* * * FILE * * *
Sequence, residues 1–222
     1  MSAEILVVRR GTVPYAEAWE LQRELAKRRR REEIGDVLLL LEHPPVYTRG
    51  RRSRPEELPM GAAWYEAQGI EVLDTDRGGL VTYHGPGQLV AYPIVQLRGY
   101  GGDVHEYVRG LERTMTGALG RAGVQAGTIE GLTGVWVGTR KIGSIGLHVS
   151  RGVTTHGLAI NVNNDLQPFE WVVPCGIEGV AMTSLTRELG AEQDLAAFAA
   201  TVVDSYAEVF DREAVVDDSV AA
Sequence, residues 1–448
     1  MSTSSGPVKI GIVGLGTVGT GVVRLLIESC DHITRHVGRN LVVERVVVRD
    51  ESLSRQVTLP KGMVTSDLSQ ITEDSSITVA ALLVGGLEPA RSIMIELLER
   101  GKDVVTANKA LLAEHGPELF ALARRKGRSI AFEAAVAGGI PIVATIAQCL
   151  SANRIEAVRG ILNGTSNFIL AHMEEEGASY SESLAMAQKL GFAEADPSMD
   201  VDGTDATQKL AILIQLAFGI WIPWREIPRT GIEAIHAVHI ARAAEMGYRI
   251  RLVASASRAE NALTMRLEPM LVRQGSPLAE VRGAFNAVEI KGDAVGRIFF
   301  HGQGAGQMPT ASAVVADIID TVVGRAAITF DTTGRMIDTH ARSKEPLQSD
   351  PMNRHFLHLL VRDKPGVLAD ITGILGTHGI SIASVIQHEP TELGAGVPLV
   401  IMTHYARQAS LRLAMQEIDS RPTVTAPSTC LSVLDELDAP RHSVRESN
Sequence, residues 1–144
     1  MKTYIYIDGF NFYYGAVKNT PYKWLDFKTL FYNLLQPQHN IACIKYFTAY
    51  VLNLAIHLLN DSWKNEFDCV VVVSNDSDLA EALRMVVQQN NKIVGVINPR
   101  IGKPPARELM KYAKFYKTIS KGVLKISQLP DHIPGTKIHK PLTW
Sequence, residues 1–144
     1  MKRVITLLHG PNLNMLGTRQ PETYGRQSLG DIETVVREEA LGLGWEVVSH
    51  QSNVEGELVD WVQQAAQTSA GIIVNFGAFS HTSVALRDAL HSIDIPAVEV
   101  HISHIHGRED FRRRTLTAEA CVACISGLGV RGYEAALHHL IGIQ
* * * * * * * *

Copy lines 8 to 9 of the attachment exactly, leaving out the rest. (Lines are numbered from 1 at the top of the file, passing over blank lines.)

     1  MSTSSGPVKI GIVGLGTVGT GVVRLLIESC DHITRHVGRN LVVERVVVRD
    51  ESLSRQVTLP KGMVTSDLSQ ITEDSSITVA ALLVGGLEPA RSIMIELLER